The true story of the Knapely Womens’ Institute has touched hearts world wide and last night’s performance by the Brighton & Hove Operatic Society was no exception – in fact it was exceptional. From the stirring opening number to the very last this local group proved more than their worth. Had I not known I would not have been surprised to find that this was a professional touring production.

The musical version of the story was penned by Tim Firth and Gary Barlow, and is packed with both humour and heartfelt sadness. The whole hangs around a group of friends celebrating the life and sad death to leukaemia of one husband, a popular local taken too soon. But what the play does is reveal the stories of those women as they face the life changing challenge of stepping outside their comfort zones and stripping off for a nude calendar. It gives rise to much mirth but also to soul searching as the main characters face their own fears, ageing, body image, bad marriages, weight and the expected conventions of women associated the the jam and Jerusalem ethic.

The true story has been filmed, staged and this time comes with songs, rather good songs. Firth and Barlow have not packed it with pop numbers but created a work of musical theatre where every note and every well constructed lyric is there for a reason, colouring the story and progressing the narrative.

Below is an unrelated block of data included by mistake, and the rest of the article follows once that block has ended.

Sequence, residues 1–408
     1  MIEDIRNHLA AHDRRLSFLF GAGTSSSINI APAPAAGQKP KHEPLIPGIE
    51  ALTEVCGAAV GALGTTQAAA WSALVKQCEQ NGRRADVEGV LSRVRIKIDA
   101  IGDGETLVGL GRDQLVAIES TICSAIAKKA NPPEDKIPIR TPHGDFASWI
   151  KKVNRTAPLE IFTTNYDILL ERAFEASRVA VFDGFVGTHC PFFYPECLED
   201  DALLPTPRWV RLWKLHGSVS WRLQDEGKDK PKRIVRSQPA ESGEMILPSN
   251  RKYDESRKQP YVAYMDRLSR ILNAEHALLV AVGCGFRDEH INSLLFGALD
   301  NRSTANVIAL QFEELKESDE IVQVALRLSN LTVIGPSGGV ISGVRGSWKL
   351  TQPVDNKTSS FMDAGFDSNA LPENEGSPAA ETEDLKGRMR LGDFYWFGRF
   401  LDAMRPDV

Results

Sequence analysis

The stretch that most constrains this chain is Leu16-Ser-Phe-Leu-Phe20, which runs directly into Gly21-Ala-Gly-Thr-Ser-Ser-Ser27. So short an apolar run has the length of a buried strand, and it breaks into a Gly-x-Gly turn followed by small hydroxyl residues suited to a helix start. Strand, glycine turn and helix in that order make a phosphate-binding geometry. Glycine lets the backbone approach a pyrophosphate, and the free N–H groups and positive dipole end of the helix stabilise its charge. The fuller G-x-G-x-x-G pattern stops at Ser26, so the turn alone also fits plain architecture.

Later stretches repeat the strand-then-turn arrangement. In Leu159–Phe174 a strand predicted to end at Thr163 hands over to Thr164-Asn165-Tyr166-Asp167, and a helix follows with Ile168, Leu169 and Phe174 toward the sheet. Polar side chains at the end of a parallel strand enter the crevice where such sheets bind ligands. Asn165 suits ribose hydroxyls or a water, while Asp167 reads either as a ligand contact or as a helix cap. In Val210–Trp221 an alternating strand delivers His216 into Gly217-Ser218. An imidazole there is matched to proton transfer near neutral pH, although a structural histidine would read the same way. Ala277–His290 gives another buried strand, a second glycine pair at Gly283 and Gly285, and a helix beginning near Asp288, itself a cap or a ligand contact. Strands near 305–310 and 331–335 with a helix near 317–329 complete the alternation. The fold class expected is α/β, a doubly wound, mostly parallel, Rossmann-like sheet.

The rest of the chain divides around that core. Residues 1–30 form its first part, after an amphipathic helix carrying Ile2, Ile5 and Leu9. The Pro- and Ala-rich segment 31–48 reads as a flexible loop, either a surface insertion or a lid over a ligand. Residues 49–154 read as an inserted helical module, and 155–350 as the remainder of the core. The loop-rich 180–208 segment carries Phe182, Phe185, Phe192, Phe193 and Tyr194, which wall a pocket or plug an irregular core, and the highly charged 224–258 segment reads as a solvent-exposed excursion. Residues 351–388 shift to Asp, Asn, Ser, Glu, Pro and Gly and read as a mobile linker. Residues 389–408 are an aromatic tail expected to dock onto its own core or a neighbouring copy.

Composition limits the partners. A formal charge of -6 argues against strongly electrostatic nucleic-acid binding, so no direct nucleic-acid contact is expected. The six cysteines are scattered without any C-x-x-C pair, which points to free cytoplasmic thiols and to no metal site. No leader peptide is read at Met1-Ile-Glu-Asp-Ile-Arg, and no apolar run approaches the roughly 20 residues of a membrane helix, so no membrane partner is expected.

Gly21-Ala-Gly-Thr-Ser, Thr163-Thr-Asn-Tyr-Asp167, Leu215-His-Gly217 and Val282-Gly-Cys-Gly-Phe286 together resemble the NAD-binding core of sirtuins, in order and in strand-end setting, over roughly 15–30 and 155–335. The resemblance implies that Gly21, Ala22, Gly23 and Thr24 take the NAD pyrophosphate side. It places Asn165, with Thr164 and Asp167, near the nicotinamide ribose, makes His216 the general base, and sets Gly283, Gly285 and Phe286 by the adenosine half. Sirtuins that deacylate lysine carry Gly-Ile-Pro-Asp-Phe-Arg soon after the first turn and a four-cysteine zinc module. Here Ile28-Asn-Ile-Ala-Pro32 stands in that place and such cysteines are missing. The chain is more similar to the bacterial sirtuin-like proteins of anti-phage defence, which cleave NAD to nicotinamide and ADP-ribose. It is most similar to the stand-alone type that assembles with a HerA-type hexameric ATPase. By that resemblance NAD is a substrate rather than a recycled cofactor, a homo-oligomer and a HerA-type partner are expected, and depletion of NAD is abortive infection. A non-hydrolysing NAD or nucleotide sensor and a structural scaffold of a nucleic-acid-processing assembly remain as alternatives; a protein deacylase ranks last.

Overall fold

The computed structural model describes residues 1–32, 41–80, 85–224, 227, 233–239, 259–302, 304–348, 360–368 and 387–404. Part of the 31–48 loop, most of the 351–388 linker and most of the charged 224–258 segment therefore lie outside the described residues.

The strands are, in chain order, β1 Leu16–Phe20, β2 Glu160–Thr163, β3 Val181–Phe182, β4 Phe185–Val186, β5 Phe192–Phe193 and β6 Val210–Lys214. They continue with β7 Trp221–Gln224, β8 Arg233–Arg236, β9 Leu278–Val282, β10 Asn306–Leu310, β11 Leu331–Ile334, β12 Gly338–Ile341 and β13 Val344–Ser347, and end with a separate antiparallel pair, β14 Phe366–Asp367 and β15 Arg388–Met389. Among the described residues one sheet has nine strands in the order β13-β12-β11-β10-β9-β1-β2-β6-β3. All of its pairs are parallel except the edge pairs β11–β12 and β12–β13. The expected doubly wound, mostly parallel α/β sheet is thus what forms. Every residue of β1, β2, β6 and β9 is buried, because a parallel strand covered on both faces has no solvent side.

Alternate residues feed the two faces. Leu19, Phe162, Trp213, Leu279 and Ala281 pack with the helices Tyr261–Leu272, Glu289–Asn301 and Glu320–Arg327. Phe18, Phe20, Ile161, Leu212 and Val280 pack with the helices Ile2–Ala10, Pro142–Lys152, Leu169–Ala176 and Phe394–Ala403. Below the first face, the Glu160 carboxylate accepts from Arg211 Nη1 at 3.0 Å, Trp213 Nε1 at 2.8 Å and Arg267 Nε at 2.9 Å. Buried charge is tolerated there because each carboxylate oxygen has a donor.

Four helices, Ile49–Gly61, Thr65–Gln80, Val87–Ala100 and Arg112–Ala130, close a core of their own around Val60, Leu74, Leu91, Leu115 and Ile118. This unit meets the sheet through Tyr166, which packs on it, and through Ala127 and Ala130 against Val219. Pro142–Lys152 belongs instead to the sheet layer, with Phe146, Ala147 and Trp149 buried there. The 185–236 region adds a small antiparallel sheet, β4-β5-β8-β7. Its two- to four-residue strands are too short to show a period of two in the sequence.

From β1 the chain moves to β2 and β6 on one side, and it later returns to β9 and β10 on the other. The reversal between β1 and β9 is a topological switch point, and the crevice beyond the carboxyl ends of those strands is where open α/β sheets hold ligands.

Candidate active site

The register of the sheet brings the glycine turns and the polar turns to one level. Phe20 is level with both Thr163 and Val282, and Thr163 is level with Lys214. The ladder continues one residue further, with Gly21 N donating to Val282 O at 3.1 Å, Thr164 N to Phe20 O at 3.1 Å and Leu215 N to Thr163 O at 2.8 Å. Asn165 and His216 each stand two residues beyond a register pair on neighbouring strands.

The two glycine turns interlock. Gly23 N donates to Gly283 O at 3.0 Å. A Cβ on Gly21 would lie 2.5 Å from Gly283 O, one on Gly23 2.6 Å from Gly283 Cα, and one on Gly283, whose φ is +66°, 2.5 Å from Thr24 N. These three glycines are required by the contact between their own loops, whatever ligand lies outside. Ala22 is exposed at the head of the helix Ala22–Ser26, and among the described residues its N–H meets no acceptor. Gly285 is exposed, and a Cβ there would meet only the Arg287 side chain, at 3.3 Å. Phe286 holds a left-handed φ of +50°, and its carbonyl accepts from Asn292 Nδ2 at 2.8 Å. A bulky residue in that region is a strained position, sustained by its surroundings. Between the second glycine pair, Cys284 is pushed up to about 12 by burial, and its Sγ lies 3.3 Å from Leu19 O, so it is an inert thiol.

And the company more than do it justice. There’s not a weak link on that stage from the chorus to the principals and as such there are far too many names to mention them all. But it would also be unfair not to mention a few. Jim Apted is excellent as John and portrays the sad decline so very well. Tania Newton triumphs as Annie with a powerful voice and moving presence throughout. Emma Edwards is so very good as Chris, feisty yet flawed but that voice is exceptional and the same must be said of Ann Atkins, Hannah Williams, Amy Marchand, Emma Thornton and a big hand for Steve Emery’s comic timing as Rod. Both Nathan Reeve and James Hoare are first class and Evie McGuire equally so. Kate Peltzer-Dunn’s Marie is every bit the repressed and uptight house-wife that the role demands and hats (and knickers) off to Tea and Coffee, the misses Wilson. Dan Jones’ portrayal of Lawrence is sensitive and perfectly understated given what he has to do.

The BHOS have once again triumphed. The production is slick, the band good and Claire Lewis has directed with a steady hand bringing out every emotion and every laugh. I could easily sit through it again.

Andrew Kay

22 June

Theatre Royal Brighton

Rating: ★★★★★


  1. Elaine says:

    Fantastic show from start to finish tears and laughter Throughout the show the atmosphere in The theatre portrayed this well done to all the cast first class

  2. Cynth Howe says:

    Well deserved review Andrew

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